Facebook Widens Probe Into Alleged Russian Interference in Brexit

By FeaturesDow Jones Newswires

Facebook Inc. said Wednesday that it was broadening its investigation into whether Russia attempted to meddle in the 2016 referendum on Britain's membership in the European Union, after its earlier probe found only a minimal amount of activity.

In response to a request from a committee of U.K. lawmakers, Facebook said it was looking to see whether there were coordinated attempts at interference that it hadn't previously identified.

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"We are committed to making all reasonable efforts to establish whether or not there was coordinated activity similar to which was found in the U.S. and will report back to you as soon as the work has been completed, " Simon Milner, Facebook's U.K. policy director, wrote in a letter to U.K. lawmaker Damian Collins. He asked Britain to provide any relevant intelligence assessment to Facebook.

Mr. Collins, a Conservative lawmaker who chairs a parliamentary committee on media and culture, said he welcomed Facebook's response after the company had previously resisted the committee's calls to deepen its investigation. "Facebook has a responsibility. They recognize the seriousness of the problem and that lots of people, Parliaments and governments are really concerned about it," he said.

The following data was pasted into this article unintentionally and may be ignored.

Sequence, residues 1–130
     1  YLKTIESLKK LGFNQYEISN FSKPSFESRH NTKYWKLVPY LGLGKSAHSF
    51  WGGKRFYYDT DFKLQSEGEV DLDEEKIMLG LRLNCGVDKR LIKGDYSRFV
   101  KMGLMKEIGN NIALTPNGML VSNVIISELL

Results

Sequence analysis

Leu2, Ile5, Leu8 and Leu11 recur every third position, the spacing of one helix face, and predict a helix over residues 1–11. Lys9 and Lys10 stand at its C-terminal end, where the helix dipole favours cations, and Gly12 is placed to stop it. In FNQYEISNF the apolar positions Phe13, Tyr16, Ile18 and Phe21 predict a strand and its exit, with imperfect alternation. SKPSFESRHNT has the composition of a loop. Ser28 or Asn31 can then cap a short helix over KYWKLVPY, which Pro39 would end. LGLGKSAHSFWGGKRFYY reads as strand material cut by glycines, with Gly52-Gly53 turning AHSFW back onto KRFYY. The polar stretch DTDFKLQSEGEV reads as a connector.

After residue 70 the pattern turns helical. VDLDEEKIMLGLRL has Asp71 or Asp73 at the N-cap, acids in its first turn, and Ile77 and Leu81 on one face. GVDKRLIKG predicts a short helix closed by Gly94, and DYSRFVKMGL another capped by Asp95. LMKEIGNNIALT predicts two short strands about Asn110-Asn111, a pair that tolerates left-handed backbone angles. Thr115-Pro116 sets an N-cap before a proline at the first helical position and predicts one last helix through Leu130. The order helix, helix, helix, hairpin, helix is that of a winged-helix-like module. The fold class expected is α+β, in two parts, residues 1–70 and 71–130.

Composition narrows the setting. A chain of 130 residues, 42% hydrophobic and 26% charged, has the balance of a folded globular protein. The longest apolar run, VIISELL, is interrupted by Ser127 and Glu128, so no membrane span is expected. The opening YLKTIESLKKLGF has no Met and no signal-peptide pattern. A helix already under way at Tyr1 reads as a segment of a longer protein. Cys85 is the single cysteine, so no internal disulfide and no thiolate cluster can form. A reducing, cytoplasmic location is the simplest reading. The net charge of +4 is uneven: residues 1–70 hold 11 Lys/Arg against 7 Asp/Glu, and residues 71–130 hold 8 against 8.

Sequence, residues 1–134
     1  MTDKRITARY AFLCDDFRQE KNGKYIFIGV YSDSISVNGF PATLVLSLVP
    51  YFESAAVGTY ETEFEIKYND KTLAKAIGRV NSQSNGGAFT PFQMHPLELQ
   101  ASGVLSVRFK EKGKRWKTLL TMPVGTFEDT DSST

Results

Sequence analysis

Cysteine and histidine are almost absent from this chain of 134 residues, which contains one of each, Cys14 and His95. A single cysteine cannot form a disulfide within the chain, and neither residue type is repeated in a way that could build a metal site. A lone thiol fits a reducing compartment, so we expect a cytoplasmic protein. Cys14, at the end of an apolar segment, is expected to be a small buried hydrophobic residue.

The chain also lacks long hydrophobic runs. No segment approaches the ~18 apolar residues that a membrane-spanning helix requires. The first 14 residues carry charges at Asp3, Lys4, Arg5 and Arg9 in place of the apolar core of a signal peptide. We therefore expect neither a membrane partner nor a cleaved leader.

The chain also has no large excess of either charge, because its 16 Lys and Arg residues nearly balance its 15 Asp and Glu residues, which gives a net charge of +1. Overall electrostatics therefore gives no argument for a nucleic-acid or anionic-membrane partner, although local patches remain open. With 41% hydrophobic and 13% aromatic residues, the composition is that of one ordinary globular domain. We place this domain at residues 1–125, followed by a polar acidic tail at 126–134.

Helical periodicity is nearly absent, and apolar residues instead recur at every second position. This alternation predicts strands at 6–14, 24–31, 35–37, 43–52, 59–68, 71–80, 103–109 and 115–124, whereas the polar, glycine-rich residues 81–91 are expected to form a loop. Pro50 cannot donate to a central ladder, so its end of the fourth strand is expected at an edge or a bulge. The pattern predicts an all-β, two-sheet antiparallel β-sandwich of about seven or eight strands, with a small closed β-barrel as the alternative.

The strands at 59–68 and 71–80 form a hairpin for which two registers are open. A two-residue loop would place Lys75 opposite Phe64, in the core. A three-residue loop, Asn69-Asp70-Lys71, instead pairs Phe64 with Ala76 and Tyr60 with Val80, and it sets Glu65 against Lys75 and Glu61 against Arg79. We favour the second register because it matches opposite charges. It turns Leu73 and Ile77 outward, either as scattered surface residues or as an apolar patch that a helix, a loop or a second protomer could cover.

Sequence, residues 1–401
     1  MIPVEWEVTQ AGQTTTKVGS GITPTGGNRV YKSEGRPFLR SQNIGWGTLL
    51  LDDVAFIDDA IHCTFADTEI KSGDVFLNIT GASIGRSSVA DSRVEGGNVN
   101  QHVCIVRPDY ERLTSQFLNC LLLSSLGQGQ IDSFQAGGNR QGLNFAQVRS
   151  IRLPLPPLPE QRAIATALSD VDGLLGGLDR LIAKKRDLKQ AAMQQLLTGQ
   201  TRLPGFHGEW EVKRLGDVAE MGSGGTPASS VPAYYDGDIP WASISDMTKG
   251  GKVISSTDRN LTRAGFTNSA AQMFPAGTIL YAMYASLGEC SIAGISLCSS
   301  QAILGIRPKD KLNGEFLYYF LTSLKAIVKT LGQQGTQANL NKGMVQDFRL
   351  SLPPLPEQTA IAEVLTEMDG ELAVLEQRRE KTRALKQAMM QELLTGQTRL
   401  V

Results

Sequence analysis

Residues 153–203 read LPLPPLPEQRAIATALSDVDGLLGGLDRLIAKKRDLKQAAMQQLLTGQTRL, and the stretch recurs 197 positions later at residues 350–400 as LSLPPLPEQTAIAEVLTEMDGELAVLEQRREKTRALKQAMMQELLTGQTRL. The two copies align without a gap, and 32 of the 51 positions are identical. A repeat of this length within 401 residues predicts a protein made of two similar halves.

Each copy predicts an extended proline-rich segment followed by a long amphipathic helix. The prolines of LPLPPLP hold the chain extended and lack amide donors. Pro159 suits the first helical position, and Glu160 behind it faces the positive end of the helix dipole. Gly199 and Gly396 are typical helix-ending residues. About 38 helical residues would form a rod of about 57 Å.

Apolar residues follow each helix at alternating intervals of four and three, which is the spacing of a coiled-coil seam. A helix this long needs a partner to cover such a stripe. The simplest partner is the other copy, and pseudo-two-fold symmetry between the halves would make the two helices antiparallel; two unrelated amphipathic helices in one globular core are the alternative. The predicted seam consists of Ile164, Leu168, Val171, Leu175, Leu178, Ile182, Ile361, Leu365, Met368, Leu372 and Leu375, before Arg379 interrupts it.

He added Facebook suggested its research will take a few weeks.

The U.K. government has said it has found no evidence that Russia successfully interfered in its democratic processes, including the Brexit vote, and Russia denies any allegations. But British lawmakers in recent months have called for the government to report on the extent to which Moscow may have sought to influence the Brexit referendum.

Mr. Collins said he believes there is a growing body of evidence that Russia interfered in the referendum. His committee in October asked Facebook, Twitter Inc. and other internet companies to provide information about how the Russian government used social media accounts to influence the Brexit vote and the 2017 election. The request was part of an inquiry the committee is conducting on fake news.

Write to Jenny Gross at jenny.gross@wsj.com

(END) Dow Jones Newswires

January 17, 2018 16:17 ET (21:17 GMT)

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